Ten things we learnt on day one of #WOBISydney

Kathryn Bice - AAP

3 minute read

Ken Segall, Rosabeth Moss Kanter, Mohan Sawhney and Arianna Huffington offered some unexpected gems at Wednesday's World Business Forum in Sydney. Here are our top 10.

"There's really no such thing as simplicity. There's the perception of simplicity - and that's what matters."

Ken Segall, former creative director at Apple, says human beings are innately drawn to simplicity, but achieving it can be complex and require an enormous amount of work. Steve Jobs simplified Apple's product offering to avoid the "dark side of choice", but in fact, customers had great freedom to customise their purchases through a wide variety of options.   

"If you can't fit it on one page, you don't understand it yourself."

Ken Segall tinkers with Einstein's famous quote to argue that briefs should be kept brief. Einstein said that if you can't explain it to a six-year-old you don't understand it yourself, and the one-page brief presents managers with a similar challenge.   

 "Use kaleidoscope thinking."

Rosabeth Moss Kanter says a kaleidoscope is just a way of seeing patterns and in the same way you can shake up your thinking, twist it, change direction and watch the same pieces form an entirely different pattern. It's often our view of reality that's stuck, not reality itself.

 "Dream your worst nightmare and then invest in it."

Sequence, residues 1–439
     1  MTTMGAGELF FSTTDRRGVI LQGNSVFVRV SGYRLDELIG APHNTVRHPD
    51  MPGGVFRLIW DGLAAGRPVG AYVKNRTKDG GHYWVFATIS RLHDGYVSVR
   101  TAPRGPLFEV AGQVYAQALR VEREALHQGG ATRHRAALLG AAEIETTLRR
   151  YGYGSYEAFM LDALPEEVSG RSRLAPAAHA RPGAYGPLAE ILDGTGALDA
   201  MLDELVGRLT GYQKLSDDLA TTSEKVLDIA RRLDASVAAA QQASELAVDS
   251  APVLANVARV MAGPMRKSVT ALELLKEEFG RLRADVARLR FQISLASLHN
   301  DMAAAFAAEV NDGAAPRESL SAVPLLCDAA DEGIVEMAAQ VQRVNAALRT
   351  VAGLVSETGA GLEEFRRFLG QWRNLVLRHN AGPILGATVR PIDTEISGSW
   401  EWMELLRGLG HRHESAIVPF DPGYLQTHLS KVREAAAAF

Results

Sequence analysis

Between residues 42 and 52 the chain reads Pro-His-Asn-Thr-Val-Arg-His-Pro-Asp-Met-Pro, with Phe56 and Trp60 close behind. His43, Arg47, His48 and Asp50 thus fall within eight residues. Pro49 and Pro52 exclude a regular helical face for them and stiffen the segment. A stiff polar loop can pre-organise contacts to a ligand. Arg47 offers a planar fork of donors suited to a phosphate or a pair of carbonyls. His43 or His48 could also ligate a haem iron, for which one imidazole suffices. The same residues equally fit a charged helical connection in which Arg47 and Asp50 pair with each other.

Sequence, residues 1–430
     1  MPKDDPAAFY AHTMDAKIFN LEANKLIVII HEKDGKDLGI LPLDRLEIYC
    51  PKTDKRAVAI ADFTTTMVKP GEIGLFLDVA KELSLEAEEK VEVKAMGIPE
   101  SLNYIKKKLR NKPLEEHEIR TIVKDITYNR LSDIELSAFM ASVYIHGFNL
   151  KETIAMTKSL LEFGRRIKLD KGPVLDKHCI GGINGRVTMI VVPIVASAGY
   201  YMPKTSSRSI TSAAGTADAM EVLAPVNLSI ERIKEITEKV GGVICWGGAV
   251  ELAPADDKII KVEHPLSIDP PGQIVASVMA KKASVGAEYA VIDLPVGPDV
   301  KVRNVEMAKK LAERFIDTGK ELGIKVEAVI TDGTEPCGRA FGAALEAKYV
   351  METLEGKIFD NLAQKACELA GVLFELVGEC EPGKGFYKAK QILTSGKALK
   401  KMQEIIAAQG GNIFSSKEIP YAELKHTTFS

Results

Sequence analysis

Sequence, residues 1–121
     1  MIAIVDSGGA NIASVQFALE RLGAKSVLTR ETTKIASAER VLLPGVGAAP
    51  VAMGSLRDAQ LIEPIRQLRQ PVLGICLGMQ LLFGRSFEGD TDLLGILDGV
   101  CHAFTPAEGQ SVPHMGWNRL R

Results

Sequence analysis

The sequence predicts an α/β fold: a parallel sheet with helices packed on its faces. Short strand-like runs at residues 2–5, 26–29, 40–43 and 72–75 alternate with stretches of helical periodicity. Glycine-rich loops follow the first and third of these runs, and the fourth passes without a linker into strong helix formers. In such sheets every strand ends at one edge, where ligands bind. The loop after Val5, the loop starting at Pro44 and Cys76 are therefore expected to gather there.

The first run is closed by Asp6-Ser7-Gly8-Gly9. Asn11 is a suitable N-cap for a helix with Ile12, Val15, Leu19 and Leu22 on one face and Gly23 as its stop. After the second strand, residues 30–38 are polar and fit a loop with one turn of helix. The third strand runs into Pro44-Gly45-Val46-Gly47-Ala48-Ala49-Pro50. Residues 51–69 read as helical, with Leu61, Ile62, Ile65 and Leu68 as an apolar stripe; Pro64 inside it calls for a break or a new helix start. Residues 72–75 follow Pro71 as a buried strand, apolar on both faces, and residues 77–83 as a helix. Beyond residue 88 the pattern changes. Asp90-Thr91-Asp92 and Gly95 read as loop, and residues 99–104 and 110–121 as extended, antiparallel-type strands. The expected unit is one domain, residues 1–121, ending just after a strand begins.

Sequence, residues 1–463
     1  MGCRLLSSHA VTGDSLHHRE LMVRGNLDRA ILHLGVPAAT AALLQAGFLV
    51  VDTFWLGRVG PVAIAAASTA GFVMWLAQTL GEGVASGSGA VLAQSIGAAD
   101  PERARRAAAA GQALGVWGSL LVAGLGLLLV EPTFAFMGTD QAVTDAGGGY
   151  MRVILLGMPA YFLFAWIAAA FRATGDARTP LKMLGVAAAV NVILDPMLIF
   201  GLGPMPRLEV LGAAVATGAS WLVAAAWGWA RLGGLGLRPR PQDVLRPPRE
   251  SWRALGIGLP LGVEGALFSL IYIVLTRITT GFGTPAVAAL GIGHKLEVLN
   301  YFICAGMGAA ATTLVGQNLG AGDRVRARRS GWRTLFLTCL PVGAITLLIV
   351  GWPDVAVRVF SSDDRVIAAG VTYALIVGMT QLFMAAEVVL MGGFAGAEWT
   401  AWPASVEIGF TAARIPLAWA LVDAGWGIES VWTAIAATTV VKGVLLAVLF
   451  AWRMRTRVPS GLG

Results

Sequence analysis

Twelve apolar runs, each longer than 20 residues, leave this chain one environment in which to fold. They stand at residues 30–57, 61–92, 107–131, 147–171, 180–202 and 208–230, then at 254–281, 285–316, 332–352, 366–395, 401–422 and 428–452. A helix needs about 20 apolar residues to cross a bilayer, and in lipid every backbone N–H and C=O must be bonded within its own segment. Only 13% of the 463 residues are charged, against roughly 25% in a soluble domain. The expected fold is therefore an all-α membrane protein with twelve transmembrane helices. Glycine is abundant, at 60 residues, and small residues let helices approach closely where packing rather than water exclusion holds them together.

Kanter quotes an entrepreneur friend to make the point that businesses need to avoid getting stuck in silos. You need to think about who all your stakeholders are and work with them right from the beginning.

"Everything can look like a failure in the middle."

The Harvard professor would like this to be known as "Kanter's Law", such is her realistic approach to the bumps that a company will inevitably hit when it takes a new road. You have to hold on to the vision and persist, she says, but be flexible about how you do it. 

"Agile innovation helps us thrive in a state of permanent beta."

Professor Mohan Sawhney champions Agile as a way to move faster, learn cheaper and collaborate better. This is the key to surviving in a VUCA world - an environment shaped by Volatility, Uncertainty, Complexity and Ambiguity.

 "An agile organisation is nimble, ambidextrous and collaborative."

Ambidextrous means operating two types of enterprise simultaneously, one that is concerned with "exploiting" outcomes from the established business, and a second, parallel group that focuses on "exploring" new opportunities.  

"Use Amazon's two-pizza rule."

Sawhney quotes Jeff Bezos's pizza metric to argue teams should be no bigger than the number of people who can eat two pizzas at a meeting. However, it's worth noting that marketing people tend to eat more than IT people, he says. 

 "Modern science is proving the ancient philosophers were right."

Arianna Huffington launched Thrive Global after suffering a physical collapse during her "full-life" push to launch The Huffington Post. The incident forced her to reconsider her priorities and put wellbeing at the top of the list. "I asked myself what success really is and what a good life is, just like the philosophers did." 

 "Businesses should step in if an employee is bragging about how hard they're working and how little sleep they're getting."

Huffington says managers should look at how the person is doing in their work and at home. you're going to see signs that something is wrong. It's absolutely impossible that that person is doing their best at work and not endangering their health."